John King (1862–1938)
[Medal of Honor Recipient]
John King was an Irish sailor who received two Medals of Honor during a twenty-six-year career in the U.S. Navy, though neither was for wartime action. King died in Hot Springs (Garland County) and is buried in Hollywood Cemetery.
John King, a native of Ballinrobe in County Mayo in western Ireland, was born on February 7, 1862, to Michael King and Ellen Flannery King. He moved to the United States in 1886 and enlisted in the U.S. Navy on July 20, 1893. King served his career below decks, beginning as a coal passer, before receiving promotion to fireman, oiler, water tender, and chief water tender, the latter being the petty officer commanding the boiler room.
Perhaps the most-feared occurrence in a steamboat was a boiler explosion, which could swiftly turn a vessel into a flaming wreck, as seen in Arkansas in the explosions on the Sultana and the Miami. King would receive his two Medals of Honor for averting such disasters aboard U.S. Navy warships.
The first incident occurred when he was serving aboard the USS Vicksburg, an Annapolis-class gunboat, near Port Isabella during the Philippines War. On May 29, 1901, a boiler exploded aboard the Vicksburg, and King “shut off the main stop of the boiler and smothered it up with blankets and towels,” averting a more serious accident. King received a Medal of Honor seven months later “for heroism in the line of his profession at the time of the accident to the boilers, 29 May 1901.”
On September 13, 1909, King was serving in the Atlantic Ocean on the USS Salem, a scout cruiser outfitted with some of the navy’s earliest turbine engines. As he reported, there was “an explosion in the boiler [that] carried away the tube[,] and 12 men in the fire-room stood in danger of being scalded to death.” King turned on the blowers full-force to dissipate the steam, adding, “I was badly scalded on the arms, but went back to the fire-room and stayed until the engineer of the watch found me, and sent me to sick bay. We got all the men out of the fire-room and no one was injured.” King was promoted to chief water tender, his highest rank, on October 1, 1909.
He also received his second Medal of Honor that December, being cited for “extraordinary heroism in the line of his profession on the occasion of the accident to one of the boilers of that vessel, 13 September 1909.”
King became a naturalized citizen of the United States in November 1912, retired from the U.S. Navy on September 24, 1916, and married Ballinrobe native Delia McKenna the next year. Two days after the United States entered World War I on April 6, 1917, however, he was called back to active duty, serving until August 20, 1919.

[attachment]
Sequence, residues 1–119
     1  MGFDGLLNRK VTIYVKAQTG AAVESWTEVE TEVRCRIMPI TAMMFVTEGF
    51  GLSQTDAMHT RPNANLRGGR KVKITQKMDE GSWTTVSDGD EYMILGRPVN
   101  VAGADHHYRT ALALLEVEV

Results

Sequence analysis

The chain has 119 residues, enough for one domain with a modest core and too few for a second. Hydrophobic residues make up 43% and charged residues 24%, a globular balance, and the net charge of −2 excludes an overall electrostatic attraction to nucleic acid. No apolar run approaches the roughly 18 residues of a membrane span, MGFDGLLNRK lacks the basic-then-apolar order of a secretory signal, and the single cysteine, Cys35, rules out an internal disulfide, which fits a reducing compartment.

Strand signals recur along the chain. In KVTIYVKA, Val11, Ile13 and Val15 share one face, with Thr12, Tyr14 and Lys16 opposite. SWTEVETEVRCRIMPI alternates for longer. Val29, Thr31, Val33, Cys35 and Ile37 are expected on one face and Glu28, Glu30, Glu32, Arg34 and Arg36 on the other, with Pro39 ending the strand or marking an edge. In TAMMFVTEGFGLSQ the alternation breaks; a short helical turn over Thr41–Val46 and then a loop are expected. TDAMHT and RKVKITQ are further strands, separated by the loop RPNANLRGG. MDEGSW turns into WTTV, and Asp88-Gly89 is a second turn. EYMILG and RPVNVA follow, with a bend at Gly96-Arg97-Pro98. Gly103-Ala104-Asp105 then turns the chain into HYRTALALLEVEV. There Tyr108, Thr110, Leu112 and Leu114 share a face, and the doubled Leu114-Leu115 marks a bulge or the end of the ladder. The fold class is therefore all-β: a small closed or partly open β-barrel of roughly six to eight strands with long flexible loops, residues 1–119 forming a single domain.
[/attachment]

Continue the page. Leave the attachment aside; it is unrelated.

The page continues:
The Kings moved back to Ireland in 1921 and lived there until Delia King’s death in 1936, after which King returned to the United States to stay at the Naval Home in Philadelphia, Pennsylvania. He broke his leg when he tripped over an iron bench and was sent to the Army-Navy General Hospital in Hot Springs in February 1937. He died of pneumonia there on May 20, 1938, and is buried in the city’s Hollywood Cemetery where, coincidentally, Christian Steiner, another Medal of Honor winner, is interred.
In 1961, a guided-missile cruiser, the USS John King (DDG-3), was commissioned in his honor, and a full-sized bronze statue of King was unveiled in Ballinrobe in 2010. John King was one of only nineteen men in the nation to receive two Medals of Honor; Newton County native John Henry Pruitt was one of the others.
For additional information:
“John King.” Congressional Medal of Honor Foundation. https://themedalofhonor.com/recipients/watertender-highest-rank-chief-watertender-john-king-u-s-navy-u-s-s-vicksburg-u-s-s-salem/ (accessed December 11, 2020).
“New Details Discovered about Irish-Immigrant War Hero Who Will Be Honored in Hot Springs Ceremony March 14.” World’s Shortest St. Patrick’s Day Parade, March 9, 2011. http://www.shorteststpats.com/2011/03/new-details-discovered-about-irish-immigrant-war-hero-who-will-be-honored-in-hot-springs-ceremony-march-14/ (accessed December 11, 2020).
“Vicksburg II (Gunboat No. 11).” Naval History and Heritage Command. https://www.history.navy.mil/research/histories/ship-histories/danfs/v/vicksburg-ii.html (accessed December 11, 2020).
“Salem I (Cruiser No. 3).” Naval History and Heritage Command. https://www.history.navy.mil/research/histories/ship-histories/danfs/s/salem-i.html (accessed December 11, 2020).
Mark K. Christ
Central Arkansas Library System
Last Updated: 12/11/2020